Sunday, January 13, 2008

Not everything has a happy ending

My epic quest to find The Sweet Far Thing finally ended when I was able to find one at B&N. How kind of them to finally stock it!

This is the last book in the Gemma Doyle series. The first book was A Great and Terrible Beauty followed by Rebel Angels.

The book begins with Gemma and her friends Ann and Felicity are back in Ms. Bray's final installment of the Gemma Doyle trilogy. Gemma and Fee are waiting to enter society as women and Ann is preparing to become a nanny. The girls have much to discover, such as their desires, destines and who are their true friends and enemies.

The book is a long 800+ pages, and to be frank sometimes it felt like it. The book starts out with a lot of talk about balls and the Victorian Era. For people who want to read about the Realms and Kartik the first 200/300 pages maybe a bit tiresome. Also I felt the book could have moved a little more quickly.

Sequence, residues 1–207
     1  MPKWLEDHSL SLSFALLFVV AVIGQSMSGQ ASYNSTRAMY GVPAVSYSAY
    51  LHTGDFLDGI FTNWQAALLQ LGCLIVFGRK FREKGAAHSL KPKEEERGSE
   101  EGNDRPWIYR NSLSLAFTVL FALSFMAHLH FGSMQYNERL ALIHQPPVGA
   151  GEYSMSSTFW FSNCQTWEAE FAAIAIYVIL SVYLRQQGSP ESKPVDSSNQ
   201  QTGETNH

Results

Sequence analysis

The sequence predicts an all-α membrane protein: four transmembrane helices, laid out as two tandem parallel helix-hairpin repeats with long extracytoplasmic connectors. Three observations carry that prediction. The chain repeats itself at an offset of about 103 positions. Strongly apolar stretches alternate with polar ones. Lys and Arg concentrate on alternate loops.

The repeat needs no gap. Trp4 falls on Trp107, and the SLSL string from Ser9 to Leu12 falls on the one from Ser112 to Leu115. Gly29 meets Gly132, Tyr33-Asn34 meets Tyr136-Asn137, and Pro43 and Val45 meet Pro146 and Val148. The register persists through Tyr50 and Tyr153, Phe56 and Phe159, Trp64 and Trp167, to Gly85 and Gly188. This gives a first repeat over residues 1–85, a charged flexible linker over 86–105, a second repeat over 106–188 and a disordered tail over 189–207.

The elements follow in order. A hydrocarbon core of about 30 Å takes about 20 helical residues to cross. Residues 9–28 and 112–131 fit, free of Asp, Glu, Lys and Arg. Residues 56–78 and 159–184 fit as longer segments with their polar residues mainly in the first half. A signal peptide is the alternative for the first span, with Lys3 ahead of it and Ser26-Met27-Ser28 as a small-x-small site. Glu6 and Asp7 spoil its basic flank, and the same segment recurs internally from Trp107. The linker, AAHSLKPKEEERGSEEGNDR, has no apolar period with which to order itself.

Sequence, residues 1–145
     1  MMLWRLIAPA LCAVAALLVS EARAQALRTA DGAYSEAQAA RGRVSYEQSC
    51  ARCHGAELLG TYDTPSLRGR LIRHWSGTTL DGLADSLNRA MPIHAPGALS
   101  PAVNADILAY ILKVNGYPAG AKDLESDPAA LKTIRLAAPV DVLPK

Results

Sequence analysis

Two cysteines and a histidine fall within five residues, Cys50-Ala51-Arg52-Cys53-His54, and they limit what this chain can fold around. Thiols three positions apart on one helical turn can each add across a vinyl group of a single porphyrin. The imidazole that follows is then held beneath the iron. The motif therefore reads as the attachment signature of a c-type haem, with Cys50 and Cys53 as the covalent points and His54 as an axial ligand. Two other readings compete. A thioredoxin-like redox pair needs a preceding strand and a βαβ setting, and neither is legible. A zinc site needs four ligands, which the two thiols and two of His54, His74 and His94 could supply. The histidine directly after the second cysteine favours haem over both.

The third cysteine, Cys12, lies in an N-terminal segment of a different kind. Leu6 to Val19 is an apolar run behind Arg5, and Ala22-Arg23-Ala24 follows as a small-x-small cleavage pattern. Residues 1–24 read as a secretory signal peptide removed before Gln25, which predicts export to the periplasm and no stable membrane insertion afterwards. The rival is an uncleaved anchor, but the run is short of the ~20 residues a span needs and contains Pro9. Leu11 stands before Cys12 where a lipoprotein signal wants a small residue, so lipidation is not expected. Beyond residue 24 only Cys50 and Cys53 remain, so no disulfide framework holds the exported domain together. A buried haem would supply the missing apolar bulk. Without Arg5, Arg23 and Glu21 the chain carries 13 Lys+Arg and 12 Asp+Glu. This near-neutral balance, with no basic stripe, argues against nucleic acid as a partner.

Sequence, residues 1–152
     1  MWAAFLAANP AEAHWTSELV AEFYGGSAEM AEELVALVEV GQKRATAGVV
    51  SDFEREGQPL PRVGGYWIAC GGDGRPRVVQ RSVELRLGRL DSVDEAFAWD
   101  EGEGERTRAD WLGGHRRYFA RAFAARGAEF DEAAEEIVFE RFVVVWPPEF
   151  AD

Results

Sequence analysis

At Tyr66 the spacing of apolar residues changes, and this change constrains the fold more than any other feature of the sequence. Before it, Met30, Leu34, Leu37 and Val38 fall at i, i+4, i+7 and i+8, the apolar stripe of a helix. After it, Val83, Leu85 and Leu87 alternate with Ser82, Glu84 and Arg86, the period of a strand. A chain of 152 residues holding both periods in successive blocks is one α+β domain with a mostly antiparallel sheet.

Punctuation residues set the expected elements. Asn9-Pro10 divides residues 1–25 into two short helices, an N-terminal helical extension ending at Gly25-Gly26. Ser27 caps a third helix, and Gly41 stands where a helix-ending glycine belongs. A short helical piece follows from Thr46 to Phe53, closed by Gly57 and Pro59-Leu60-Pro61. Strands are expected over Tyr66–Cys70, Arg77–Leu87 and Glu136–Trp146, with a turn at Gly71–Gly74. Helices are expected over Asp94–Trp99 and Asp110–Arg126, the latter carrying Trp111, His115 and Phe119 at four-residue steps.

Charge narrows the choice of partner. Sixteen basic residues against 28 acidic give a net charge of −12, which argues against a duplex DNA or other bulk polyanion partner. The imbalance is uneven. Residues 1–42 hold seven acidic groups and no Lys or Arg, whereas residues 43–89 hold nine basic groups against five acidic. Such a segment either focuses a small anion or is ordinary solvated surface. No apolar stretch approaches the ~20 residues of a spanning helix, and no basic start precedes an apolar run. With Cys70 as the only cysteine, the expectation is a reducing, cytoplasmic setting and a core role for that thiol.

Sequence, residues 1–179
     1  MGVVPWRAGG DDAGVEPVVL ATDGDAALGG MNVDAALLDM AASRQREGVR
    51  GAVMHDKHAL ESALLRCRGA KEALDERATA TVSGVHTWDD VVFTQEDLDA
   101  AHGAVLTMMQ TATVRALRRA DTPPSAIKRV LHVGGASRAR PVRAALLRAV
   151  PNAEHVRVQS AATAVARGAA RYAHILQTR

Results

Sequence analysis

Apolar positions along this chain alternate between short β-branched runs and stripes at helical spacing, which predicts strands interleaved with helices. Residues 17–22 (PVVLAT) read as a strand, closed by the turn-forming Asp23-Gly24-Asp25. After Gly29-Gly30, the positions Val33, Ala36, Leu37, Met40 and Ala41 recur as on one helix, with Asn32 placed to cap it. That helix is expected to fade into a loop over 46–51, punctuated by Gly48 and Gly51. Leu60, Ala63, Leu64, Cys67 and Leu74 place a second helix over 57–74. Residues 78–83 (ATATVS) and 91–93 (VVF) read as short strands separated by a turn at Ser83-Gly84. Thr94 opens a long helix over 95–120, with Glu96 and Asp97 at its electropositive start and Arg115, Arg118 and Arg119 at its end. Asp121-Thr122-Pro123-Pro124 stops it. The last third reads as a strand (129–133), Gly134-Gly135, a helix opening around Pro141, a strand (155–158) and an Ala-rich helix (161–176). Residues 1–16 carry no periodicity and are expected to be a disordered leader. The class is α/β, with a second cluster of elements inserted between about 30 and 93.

Around page 600 or so I found myself flipping through the pages in order to get to the good stuff. The writing is good. The plot dragged a tad, and after much thought I agree Gemma's character didn't progress as I hoped it would. The ending is bittersweet for Gemma and many readers are having a difficult time with this. I can understand that because when I read Little Women I was upset when Jo refused to marry Laurie. Still, the readers' passion impresses me because these are teens that care deeply for characters in a YA book series. And who says teens don't read!

Gemma's decision at the end was a bit of a shocker. I kept scratching my head thinking "where did that come from?" It made no sense and was never hinted at in the previous two books. It just seemed to happen out of the blue, which was a bit difficult to swallow.

Overall, I did enjoy the novel, but I think that Ms. Bray's characters were able to get away with far too much. Each one got what they wanted in the end, which was rather disappointing. As a person who has studied, and taught history, I thought the girls were far too modern in their beliefs. It would have been nice if one of the girls had been trapped by their station in life and had been forced to mold to society's views.

As a series I enjoyed it very much and I hope that Ms. Bray continues to write.

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